The history and philosophy of science, like any other academic field, is huge and daunting. At times, it has its own highly technical vocabulary and ways of doing, which are hard for outsiders to get into. Of course, Wikipedia covers many of these topics, but for obvious reasons Wikipedia defines a lot of these terms without explaining them. To me, encountering a definition without really explaining it either requires considerable investment on my part to get anything from it, or it just dribbles right back out of my head (<– most common outcome). Moreover, I’ve found that sometimes a concept in Wikipedia will be expressed from the perspective of a particular science, e.g., physics, that makes it a little bit hard to generalize from.
More usefully, there are a number of introductory anthologies that either (a) survey the key ideas, in chapters written recently for that introductory volume (i.e., they are accessible, but not famous or foundational chapters), or (b) collect seminal writings, mostly from the twentieth century (i.e., they are famous and foundational, but they are not reliably accessible to non-specialist readers). Both types of introductory volume have their benefits. All of them will address the sorts of issues laid out in the bullet list above.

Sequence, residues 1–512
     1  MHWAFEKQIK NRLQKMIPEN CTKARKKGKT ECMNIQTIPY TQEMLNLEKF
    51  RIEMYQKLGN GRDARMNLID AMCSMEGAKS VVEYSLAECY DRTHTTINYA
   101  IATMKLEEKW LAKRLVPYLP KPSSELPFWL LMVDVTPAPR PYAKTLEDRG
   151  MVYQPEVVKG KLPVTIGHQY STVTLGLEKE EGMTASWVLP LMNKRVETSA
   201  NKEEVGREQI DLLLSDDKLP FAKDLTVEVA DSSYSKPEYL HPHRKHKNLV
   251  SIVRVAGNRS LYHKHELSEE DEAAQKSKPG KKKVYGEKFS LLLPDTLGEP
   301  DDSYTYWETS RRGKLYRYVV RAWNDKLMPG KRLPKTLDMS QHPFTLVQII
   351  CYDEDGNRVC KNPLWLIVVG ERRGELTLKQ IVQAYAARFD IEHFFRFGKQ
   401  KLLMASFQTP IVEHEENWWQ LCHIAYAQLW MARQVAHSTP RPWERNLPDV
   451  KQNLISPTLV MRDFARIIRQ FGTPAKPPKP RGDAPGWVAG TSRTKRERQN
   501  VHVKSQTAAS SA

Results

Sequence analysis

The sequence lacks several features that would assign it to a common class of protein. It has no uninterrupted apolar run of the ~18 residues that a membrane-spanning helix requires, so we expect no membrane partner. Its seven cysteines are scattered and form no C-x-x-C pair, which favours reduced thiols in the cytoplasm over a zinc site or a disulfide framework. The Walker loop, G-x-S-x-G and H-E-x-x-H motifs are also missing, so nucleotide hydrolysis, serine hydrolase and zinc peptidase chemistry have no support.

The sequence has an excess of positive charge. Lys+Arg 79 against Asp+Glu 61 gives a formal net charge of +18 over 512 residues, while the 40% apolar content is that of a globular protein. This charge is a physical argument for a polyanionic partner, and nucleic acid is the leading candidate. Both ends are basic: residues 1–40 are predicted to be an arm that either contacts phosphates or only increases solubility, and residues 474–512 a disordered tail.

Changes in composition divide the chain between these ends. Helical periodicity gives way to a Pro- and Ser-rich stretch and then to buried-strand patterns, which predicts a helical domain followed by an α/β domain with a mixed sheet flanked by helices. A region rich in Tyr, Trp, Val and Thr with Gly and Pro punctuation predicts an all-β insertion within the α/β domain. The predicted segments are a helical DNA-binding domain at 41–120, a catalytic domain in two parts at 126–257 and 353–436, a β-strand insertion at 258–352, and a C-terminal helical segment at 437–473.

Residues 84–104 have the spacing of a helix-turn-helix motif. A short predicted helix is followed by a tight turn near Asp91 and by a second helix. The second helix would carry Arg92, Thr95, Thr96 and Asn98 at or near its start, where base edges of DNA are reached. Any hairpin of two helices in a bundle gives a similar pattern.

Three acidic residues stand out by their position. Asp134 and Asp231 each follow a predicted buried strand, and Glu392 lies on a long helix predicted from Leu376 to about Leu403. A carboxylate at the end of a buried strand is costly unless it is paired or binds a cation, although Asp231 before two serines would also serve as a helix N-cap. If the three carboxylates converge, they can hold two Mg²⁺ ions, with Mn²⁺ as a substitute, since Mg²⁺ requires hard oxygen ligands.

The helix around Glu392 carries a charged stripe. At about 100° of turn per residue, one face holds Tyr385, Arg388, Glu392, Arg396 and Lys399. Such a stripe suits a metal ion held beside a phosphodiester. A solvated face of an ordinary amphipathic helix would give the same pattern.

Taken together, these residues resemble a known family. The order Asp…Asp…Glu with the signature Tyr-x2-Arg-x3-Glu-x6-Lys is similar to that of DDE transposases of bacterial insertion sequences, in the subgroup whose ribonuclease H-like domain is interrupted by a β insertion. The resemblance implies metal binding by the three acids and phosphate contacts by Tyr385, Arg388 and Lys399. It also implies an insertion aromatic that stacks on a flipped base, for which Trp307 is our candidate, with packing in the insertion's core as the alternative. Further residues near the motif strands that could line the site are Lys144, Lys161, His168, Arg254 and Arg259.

Here is an example of the first type:
Here are two examples of the second type:
All of the above cover both natural and social sciences, often with an emphasis on natural, but there is a book specifically on the social sciences that I really like (which is not to say that I agree with its argument):
Clearly, this post is not an earth-shattering contribution to interaction design, but if you are an empirical scientist or an aspiring one, or if, like me, you work with empirical scientists, it’s good to have a fairly explicit and articulatable facility with these kinds issues. If nothing else, a working knowledge of core issues in the philosophy of science demystifies “scientific rigor,” which may help practitioners design better user studies, and it may help researchers speak more carefully about their taken-for-granted ideals.